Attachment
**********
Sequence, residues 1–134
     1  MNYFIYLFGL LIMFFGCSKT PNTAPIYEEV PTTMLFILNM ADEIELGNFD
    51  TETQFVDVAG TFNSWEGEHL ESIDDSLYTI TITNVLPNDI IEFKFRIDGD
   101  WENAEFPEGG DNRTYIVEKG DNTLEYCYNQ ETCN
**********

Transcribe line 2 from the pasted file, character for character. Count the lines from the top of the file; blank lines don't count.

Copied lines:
     1  MNYFIYLFGL LIMFFGCSKT PNTAPIYEEV PTTMLFILNM ADEIELGNFD